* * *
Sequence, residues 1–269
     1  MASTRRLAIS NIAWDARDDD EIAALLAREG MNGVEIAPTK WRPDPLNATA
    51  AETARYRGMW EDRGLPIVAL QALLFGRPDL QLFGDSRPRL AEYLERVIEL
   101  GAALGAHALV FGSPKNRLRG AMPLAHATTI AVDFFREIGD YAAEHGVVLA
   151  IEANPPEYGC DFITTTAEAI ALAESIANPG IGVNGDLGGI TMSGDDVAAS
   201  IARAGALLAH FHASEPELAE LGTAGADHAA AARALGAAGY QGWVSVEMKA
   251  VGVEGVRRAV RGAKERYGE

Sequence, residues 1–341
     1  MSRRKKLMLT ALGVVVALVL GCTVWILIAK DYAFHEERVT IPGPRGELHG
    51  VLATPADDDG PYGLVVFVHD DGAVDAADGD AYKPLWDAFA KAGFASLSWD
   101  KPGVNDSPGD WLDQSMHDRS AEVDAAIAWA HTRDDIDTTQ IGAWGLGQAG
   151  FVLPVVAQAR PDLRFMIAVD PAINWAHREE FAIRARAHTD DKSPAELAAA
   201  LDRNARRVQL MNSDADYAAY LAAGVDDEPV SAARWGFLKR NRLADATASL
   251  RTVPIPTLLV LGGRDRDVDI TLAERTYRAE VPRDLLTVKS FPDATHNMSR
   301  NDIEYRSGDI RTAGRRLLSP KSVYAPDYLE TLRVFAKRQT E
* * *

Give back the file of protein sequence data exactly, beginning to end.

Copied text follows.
Sequence, residues 1–269
     1  MASTRRLAIS NIAWDARDDD EIAALLAREG MNGVEIAPTK WRPDPLNATA
    51  AETARYRGMW EDRGLPIVAL QALLFGRPDL QLFGDSRPRL AEYLERVIEL
   101  GAALGAHALV FGSPKNRLRG AMPLAHATTI AVDFFREIGD YAAEHGVVLA
   151  IEANPPEYGC DFITTTAEAI ALAESIANPG IGVNGDLGGI TMSGDDVAAS
   201  IARAGALLAH FHASEPELAE LGTAGADHAA AARALGAAGY QGWVSVEMKA
   251  VGVEGVRRAV RGAKERYGE

Sequence, residues 1–341
     1  MSRRKKLMLT ALGVVVALVL GCTVWILIAK DYAFHEERVT IPGPRGELHG
    51  VLATPADDDG PYGLVVFVHD DGAVDAADGD AYKPLWDAFA KAGFASLSWD
   101  KPGVNDSPGD WLDQSMHDRS AEVDAAIAWA HTRDDIDTTQ IGAWGLGQAG
   151  FVLPVVAQAR PDLRFMIAVD PAINWAHREE FAIRARAHTD DKSPAELAAA
   201  LDRNARRVQL MNSDADYAAY LAAGVDDEPV SAARWGFLKR NRLADATASL
   251  RTVPIPTLLV LGGRDRDVDI TLAERTYRAE VPRDLLTVKS FPDATHNMSR
   301  NDIEYRSGDI RTAGRRLLSP KSVYAPDYLE TLRVFAKRQT E